After a run in with the Triads, three crooks head to Vietnam, hoping to make a living as smugglers.
Connoisseurs rate this 1990 epic as the greatest of John Woo's bullet ballets, though perhaps because regular star Chow Yun-Fat is absent it hasn't had the success of The Killer or Hard-Boiled. Without Chow it's hard to get a moral fix, so you'll be genuinely surprised when some of the cast go bad and others reveal a deeper heroism. All are driven mad with fear and pain, and scream hysterically through set pieces as alienating as they are visceral.
After upsetting the Triads on their home turf in 1967, a trio of criminals (Leung, Cheung, Lee) flee to Vietnam and attempt to make a killing as smugglers. But their first contraband is destroyed by the Vietcong and they are sucked into a cycle of casual violence. Falling in with another crook (Yam), the group is torn apart as a terrible incident explains the title, winding up - naturally - in a Woo-style holocaust.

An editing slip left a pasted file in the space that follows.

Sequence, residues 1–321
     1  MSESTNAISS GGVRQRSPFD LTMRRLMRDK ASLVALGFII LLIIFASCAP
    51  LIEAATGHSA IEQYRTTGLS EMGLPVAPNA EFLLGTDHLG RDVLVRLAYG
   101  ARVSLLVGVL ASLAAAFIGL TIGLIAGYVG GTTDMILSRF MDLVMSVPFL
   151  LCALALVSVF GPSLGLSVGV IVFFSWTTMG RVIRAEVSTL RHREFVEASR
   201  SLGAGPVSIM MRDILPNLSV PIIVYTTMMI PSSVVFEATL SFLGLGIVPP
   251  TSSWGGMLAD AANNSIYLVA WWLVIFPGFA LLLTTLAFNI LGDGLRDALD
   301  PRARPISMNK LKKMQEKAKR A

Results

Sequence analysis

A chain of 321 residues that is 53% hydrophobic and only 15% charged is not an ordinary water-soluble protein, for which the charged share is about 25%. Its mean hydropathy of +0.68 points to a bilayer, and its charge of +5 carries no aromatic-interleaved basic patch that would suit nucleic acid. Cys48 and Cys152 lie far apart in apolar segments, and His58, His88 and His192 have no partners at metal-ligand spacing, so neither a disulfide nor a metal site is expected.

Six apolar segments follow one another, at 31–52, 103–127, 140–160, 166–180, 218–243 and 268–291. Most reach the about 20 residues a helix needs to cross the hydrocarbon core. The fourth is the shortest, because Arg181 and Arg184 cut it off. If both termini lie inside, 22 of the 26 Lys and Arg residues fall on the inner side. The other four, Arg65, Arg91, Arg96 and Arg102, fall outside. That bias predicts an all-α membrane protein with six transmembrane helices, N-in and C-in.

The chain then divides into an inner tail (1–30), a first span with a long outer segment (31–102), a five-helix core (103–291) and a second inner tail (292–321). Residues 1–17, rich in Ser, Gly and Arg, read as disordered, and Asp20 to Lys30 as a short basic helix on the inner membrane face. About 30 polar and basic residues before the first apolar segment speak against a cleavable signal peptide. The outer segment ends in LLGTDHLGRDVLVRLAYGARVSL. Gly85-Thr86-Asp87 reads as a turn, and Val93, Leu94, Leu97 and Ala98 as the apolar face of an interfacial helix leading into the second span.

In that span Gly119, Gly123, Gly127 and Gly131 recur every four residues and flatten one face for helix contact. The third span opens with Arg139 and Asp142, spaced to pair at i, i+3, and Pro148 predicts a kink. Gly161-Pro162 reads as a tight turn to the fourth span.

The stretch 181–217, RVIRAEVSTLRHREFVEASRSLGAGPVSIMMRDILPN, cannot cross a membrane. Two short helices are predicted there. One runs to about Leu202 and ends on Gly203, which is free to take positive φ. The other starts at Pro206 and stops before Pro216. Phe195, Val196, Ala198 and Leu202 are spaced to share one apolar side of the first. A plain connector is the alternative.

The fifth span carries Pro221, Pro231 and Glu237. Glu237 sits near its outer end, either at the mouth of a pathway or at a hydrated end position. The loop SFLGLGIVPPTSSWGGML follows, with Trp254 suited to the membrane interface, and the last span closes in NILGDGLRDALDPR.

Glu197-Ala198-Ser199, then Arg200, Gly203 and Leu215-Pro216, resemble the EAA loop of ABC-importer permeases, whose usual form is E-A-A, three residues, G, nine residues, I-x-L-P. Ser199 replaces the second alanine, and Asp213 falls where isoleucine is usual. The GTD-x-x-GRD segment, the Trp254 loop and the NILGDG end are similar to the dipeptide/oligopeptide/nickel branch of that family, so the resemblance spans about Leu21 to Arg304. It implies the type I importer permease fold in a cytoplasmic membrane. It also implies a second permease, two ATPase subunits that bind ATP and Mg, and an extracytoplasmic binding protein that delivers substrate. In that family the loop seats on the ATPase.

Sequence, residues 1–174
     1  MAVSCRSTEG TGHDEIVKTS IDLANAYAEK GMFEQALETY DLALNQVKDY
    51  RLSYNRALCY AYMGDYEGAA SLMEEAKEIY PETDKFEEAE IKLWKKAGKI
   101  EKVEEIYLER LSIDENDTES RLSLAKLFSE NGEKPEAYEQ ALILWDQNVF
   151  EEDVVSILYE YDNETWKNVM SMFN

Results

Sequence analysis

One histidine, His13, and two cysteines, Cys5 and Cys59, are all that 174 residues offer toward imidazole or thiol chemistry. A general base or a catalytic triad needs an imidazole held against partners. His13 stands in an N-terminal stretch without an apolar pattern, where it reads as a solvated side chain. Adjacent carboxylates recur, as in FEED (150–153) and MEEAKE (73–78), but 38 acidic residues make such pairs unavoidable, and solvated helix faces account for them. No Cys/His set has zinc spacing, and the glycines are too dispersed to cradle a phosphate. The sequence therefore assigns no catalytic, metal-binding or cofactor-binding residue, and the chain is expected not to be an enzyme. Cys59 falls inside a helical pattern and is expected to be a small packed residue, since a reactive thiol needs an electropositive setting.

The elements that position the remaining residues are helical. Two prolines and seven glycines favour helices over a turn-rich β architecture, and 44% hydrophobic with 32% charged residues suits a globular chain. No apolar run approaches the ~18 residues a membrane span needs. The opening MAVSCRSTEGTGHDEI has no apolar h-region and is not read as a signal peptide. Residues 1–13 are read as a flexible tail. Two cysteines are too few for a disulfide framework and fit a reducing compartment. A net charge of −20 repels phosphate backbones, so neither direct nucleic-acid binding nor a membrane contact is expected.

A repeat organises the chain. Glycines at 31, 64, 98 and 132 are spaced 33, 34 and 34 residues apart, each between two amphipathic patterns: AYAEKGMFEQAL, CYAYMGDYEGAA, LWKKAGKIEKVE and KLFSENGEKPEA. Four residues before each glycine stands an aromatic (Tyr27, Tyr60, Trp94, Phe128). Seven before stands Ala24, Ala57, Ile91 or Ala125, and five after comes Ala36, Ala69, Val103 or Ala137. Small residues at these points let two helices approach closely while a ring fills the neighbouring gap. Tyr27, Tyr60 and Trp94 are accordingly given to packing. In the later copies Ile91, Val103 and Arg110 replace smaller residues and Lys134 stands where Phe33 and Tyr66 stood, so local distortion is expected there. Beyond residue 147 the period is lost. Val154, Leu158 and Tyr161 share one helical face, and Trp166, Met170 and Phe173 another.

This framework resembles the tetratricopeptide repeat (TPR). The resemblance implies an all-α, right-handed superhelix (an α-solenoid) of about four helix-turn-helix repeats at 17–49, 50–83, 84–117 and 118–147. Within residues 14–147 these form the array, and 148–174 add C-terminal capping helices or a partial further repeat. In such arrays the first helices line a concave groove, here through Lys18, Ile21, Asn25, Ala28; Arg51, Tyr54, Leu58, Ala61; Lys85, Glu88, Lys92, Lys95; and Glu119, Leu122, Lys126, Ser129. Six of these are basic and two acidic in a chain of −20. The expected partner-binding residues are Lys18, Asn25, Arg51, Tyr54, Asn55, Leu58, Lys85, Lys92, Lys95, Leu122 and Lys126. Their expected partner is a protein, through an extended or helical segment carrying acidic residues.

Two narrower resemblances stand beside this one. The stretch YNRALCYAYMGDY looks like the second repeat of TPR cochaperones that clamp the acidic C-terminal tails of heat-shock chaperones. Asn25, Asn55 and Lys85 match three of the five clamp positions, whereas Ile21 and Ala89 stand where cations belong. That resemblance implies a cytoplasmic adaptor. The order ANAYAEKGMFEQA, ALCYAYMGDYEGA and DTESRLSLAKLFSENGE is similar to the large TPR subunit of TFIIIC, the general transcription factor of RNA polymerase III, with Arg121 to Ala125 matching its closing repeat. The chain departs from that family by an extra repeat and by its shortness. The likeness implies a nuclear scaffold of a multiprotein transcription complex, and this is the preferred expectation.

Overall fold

But Bullet is let down by various elements that are impossible to take seriously because they lack any ironic edge; such as the irritating bubblegum score. It tries to be a Chinese take on The Deer Hunter, but transports Michael Cimino's meditation on Americanism and savagery into a world where nationality and insanity seem equally absurd. If you weren't moved by 'Nam vets singing America The Beautiful, you might be more stirred by the sight of Woo's characters waving British passports in panic as they try to evade execution.
Critical opinion rates this as the best of the Bullet trilogy but the popular vote goes to the other two, which atar Chow Yun-Fat.